Install 12V intermittent wiper amplifier module.
Install 12V front marker, turn and parking lights bulbs.
Wire winch solenoid module for 12V operation (using old solenoids!) and test winch, ok.
Install Starter 12V relay.
Install 12V Hazard light flasher.
Install 12V Turn flasher.
Remove old Winch engine bay power switch.
Clean & apply rust converter to aux battery tray and to DPC/Glow timer/Relay cover.
Install 12V 55W bulb in rear spotlight.

Another long day.

My original plan was to use the 12V glow timer module, but it turns out that in the 12V version, nissan changed the design (totally different case) and also moved the timer into the cabin. So, not wanting to do a major rewire job and wanting to keep my wiring harness intact, I tested the 24V glow timer and found it worked fine at 8V except for the internal relay. So, I retrofitted a 12V relay I had laying around and 'converted' my glow timer to 12V operation. This allowed me to just plug it back in and leave it in its original location.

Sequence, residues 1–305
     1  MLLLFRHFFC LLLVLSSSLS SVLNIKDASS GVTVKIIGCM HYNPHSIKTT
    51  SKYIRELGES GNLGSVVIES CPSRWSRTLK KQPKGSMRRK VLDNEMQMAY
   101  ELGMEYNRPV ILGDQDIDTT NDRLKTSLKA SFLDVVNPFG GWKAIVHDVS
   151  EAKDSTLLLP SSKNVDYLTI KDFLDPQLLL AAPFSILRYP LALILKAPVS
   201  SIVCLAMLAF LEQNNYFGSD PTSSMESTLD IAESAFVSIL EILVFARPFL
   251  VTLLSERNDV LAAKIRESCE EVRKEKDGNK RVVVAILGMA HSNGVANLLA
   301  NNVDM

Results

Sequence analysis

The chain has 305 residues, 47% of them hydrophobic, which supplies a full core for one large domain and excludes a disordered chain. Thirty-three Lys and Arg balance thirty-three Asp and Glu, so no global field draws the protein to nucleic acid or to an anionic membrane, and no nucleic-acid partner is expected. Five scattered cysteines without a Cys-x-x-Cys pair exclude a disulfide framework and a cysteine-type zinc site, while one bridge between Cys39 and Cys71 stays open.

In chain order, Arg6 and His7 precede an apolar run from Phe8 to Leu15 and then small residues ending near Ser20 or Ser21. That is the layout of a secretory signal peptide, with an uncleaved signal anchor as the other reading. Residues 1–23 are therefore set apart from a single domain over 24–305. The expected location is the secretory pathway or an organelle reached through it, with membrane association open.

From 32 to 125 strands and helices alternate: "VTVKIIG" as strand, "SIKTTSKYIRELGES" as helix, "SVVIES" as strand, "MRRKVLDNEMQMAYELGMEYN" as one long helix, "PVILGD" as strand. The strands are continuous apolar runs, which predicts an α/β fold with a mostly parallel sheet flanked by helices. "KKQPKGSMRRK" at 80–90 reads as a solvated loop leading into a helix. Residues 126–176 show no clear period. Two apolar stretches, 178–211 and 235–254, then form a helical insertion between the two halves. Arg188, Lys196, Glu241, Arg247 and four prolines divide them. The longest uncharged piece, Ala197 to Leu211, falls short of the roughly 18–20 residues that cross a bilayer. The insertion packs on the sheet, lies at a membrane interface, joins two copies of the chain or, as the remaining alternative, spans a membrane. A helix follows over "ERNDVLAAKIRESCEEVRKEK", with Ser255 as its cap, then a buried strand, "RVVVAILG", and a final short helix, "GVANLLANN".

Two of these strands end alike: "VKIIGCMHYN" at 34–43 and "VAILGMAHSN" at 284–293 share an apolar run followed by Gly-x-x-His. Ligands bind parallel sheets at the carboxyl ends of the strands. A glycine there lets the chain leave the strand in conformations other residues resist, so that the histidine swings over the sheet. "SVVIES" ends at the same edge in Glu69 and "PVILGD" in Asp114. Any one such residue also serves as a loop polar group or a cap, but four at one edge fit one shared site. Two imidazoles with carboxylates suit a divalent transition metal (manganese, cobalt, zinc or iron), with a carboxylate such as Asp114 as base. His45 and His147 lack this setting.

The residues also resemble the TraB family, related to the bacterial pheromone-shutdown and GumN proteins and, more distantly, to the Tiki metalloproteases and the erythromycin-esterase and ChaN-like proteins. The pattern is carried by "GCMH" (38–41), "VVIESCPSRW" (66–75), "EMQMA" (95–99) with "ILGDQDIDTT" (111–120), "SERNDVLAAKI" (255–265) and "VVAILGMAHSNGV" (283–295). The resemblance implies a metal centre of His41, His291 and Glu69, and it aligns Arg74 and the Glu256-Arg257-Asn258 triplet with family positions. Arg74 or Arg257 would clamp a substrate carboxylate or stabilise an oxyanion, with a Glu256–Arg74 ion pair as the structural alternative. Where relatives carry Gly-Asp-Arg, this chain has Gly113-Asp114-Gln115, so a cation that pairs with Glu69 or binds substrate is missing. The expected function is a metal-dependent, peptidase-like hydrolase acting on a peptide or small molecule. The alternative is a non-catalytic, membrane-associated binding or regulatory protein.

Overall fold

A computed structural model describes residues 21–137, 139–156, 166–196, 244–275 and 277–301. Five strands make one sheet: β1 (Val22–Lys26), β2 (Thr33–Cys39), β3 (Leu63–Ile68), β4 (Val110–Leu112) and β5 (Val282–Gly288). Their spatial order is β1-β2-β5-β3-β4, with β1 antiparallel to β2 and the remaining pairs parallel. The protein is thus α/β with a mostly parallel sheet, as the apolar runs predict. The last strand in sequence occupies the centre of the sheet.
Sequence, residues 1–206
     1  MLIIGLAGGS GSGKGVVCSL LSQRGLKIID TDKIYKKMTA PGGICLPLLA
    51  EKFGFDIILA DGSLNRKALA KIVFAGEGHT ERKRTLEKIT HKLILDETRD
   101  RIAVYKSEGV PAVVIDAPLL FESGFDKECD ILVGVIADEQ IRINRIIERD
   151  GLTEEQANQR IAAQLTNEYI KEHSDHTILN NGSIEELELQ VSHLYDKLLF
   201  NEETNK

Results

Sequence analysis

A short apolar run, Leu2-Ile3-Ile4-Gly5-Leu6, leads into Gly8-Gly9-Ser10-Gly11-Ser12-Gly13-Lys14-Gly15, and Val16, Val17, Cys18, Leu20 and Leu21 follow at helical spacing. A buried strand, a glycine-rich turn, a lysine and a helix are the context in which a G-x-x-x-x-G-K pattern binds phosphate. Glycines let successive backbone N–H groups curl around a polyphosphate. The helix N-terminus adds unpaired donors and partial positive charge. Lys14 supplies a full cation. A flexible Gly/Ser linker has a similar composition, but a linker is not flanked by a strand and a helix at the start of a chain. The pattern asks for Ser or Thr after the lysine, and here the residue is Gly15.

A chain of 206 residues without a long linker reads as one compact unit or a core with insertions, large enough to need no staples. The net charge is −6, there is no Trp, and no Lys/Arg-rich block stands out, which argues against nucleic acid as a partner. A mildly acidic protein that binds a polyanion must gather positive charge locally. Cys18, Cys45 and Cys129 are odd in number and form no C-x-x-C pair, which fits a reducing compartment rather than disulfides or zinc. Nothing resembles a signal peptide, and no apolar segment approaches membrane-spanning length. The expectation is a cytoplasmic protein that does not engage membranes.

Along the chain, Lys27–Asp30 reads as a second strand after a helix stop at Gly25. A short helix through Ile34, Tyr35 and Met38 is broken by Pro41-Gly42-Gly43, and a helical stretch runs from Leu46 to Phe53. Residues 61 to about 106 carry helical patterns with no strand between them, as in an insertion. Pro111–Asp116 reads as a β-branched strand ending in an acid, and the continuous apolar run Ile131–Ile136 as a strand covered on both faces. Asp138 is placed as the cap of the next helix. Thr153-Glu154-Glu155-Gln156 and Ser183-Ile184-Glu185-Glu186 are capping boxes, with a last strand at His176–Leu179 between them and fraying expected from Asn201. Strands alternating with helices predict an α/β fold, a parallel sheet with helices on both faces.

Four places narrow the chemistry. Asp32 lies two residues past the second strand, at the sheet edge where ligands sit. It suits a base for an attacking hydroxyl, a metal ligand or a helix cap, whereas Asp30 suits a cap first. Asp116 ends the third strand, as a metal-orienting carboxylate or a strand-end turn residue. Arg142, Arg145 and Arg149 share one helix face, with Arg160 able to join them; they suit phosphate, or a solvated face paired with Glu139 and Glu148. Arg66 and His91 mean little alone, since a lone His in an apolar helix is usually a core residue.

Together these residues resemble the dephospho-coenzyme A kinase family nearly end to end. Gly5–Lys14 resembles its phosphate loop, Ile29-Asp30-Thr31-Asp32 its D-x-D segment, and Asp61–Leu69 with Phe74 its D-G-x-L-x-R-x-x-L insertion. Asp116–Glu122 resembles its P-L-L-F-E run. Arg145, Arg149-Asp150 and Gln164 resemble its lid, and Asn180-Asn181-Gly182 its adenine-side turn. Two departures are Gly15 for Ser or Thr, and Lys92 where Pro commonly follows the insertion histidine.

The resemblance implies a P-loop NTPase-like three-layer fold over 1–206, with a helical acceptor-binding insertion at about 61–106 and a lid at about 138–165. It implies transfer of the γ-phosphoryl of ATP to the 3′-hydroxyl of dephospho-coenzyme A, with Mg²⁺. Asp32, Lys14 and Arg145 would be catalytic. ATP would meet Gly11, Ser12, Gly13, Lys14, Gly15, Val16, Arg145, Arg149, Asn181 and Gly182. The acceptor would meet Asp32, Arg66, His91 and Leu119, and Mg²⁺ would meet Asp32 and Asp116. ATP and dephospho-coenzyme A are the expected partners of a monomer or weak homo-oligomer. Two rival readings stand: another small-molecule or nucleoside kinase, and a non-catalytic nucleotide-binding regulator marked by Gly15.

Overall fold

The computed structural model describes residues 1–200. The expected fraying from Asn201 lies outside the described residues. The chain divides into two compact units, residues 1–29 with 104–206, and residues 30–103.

WOW - look at that, and ACTUAL integrated circuit in a diesel vehicle :)

My 24V DPC motor on the left and the 12V on the right. Nissan went to rectangular style connectors so I had to cut the connector off my harness and replace it with the new style off the donor harness. I also had to remove the cable between the DPC and the DPC motor from the donor harness. Having the donor harness was a lifesaver! I also bench tested the 12V DPC motor, even though it came from a running engine.

The Glow timer, glow solenoid and DPC removed - you can see the connectors on the left side of the aux battery tray. Before working on the replacing the units with the 12V versions, I am going to clean, rust proof, paint and then coat the battery tray area with roofing 'goop'.


Installed 12V blower fan with sticky foam and drilled out mounting holes.
Installed 12V Injection Pump Control Motor (removed wire bracket), tested good.
Installed DPC wiring harness (rectangular) to 12V Injection Pump Control motor.
Spliced in DPC rectangular connector for 12V DPC.
Installed Turn Flasher connector and mounted Turn flasher.
Painted DPC/Glow Timer/Solenoid mounting plate.
Painted and coated Aux battery 'tray'.
Installed 12V 100W bulbs in front spotlights and ran wiring to passenger fender.
Installed front number plate.
Connected Winch ground to engine.
Installed 12V horn, tested good.
Tested 12V small bulbs for Dash, all good.

Another day of finding things that nissan changed. Even the blower fan couldn't just 'drop in'. The mounting holes were made smaller, so I had to drill them out.

I also had to splice in the signal flasher from the donor harness since the 24V flasher was not a standard pinout. Again thankful of having taken the entire harness from the donor vehicle!